Skip to main content

Lance Armstrong claims Verbruggen aided in doping cover up

Image 1 of 4

UCI president Hein Verbruggen with Lance Armstrong in 2002

UCI president Hein Verbruggen with Lance Armstrong in 2002
(Image credit: AFP Photo)
Image 2 of 4

Michele Ferrari leaves a tribunal in Bologna, Italy in 2004

Michele Ferrari leaves a tribunal in Bologna, Italy in 2004
(Image credit: AFP)
Image 3 of 4

Hein Verbruggen

Hein Verbruggen
(Image credit: Mark Gunter)
Image 4 of 4

Oprah Winfrey's interview with Lance Armstrong will air this week

Oprah Winfrey's interview with Lance Armstrong will air this week
(Image credit: AFP Photo)

Lance Armstrong has alleged that the former UCI President Hein Verbruggen not only knew about the former rider’s doping practices but encouraged him to cover it up.

These latest allegations follow a four part interview Armstrong gave to Cyclingnews and provide further details on how Armstrong managed to avoid positive doping tests and how the sport's governing body failed to combat cheating.

"It's funny, these stories are so prevalent in my life. What I remember was there being a problem. I'm not sure if it was a positive but there were traces found. I don't know if it technically crossed the line. But anyway, it didn't matter. I can't remember exactly who was in the room. But Emma has a better memory than I do," Armstrong told O'Reilly and the Daily Mail.

Face-to-face with O’Reilly

The meeting between Armstrong and O’Reilly had been in the works for a number of weeks. Armstrong had been keen to contact a number of individuals that he and his entourage discredited for several years. He has attempted to reach out to Tyler Hamilton and Betsy Andreu but his meeting with O’Reilly in Florida marked the first face-to-face encounter between the disgraced former rider and one of the individuals who had been steamrollered by the Armstrong camp.

"I never expected to see Emma," Armstrong said.  "I wanted to talk to her. I felt it was necessary to have a conversation because there were definitely people that got caught up in this story who deserved an apology from me. When I reached out in January it was to talk. Emma, I appreciate, wasn't ready for that. But it's good that we are [now] doing this in person."

"At the time, when I said what I said about her, I was fighting to protect a lot of positions. But it was inexcusable. It's embarrassing. I was in a conference room, giving a legal deposition, and I had no idea it was going to get out. But that doesn't excuse it. I guess you should always assume that, in that setting, the whole world will watch it the next day. It was totally humiliating for Emma. And if I saw my son do that, there would be a fucking war in our house."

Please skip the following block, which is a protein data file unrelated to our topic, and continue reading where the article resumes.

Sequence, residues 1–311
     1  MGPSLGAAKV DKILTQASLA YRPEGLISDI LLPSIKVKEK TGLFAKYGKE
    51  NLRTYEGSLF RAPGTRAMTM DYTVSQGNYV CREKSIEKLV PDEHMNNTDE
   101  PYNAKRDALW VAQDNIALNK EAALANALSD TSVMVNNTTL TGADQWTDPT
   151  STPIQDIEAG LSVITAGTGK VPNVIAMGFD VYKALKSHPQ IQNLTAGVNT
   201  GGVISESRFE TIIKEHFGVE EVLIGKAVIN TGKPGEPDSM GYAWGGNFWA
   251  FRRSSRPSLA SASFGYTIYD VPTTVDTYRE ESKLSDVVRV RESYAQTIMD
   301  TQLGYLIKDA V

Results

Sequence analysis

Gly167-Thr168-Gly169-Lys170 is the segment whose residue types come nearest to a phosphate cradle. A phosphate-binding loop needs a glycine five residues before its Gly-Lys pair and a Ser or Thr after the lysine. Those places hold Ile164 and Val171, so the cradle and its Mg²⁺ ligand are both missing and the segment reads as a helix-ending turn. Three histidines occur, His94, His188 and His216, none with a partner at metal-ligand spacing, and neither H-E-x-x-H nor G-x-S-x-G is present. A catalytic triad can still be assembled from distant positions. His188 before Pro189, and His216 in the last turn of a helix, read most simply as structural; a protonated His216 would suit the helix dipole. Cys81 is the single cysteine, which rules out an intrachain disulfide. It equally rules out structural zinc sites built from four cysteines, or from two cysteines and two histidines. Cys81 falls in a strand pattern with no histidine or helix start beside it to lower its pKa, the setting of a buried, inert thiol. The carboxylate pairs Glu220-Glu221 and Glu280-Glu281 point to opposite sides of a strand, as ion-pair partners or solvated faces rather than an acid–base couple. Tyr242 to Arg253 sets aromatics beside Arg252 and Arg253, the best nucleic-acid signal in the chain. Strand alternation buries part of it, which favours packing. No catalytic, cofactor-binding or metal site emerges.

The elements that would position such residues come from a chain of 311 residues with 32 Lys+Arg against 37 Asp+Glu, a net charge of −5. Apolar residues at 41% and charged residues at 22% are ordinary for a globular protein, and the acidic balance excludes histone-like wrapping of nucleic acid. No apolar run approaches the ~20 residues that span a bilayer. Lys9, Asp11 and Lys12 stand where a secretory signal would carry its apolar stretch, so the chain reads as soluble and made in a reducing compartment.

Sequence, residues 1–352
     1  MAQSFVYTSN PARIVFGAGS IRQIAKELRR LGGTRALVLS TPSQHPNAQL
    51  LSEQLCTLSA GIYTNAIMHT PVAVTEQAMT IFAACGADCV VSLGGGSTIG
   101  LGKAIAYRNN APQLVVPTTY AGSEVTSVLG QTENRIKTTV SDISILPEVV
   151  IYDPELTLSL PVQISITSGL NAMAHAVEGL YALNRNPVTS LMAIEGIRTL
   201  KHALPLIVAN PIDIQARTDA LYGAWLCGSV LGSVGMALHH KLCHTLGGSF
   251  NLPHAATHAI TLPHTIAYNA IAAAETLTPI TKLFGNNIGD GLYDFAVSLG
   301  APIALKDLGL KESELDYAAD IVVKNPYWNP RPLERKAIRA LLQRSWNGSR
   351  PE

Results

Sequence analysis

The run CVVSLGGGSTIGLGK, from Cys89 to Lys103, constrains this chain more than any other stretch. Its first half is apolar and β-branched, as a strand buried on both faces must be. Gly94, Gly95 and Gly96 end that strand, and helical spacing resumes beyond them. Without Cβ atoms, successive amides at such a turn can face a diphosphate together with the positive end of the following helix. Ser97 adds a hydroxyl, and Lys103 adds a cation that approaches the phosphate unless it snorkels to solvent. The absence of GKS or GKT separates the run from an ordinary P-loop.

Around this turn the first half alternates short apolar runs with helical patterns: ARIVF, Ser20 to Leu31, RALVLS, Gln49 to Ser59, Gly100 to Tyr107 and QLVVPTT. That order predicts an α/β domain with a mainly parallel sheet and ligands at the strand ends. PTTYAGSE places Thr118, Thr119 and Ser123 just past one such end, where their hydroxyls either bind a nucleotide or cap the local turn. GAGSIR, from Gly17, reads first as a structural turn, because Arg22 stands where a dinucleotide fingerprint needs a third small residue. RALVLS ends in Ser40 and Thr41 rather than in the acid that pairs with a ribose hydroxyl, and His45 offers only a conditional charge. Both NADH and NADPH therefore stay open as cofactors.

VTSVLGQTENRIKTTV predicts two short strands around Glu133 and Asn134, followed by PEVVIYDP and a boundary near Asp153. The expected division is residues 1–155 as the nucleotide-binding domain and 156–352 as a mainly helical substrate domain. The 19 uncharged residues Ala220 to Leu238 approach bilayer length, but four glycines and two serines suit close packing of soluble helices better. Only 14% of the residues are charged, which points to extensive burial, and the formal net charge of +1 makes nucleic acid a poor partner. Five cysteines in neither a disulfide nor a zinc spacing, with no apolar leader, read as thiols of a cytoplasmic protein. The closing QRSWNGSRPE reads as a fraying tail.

O'Reilly, who now runs a successful business in the United Kingdom told the Daily Mail that, "It was a bit stilted because I guess we were two people who hadn't talked for a long time, who had more than a bit of history. But we had a chat about people we knew, about our families."

"I was thinking, he never actually used the word sorry. But I wasn't looking for an insincere apology. There are different ways of saying sorry and I felt what he did say was genuine. Now people might think I'm under Lance's spell but I'm not. I wasn't when I said what I did about him in 2004 and I'm not now. He was a jerk. He was a bully."

"But there are wider issues here and I wanted to address those, too. That said, I wanted closure with him and today I feel I have it. This part, for me, is over."

Dr Ferrari and thoughts on returning to competition

During the interview with the Daily Mail Armstrong added that controversial Dr Michele Ferrari warned him about the UCI developing a test for EPO in 2000. Ferrari has been one of the few people Armstrong has sought to protect since he admitted to doping in January of this year.

"We all assumed it was going to be business as usual but Michele said "No EPO". We continued to use some after that but not in the same way and not as much" said Armstrong.

Despite a life time ban from USADA following their Reasoned Decision Armstrong remains committed to returning to competition and believes that becoming world champion at Ironman would not be beyond him. "My performances in the races leading up to the ban told me that. And I think there is some merit in saying this is what you can do clean” said Armstrong. "I am a competitor. If there was a race tomorrow and they said you can go do it, I'd be there."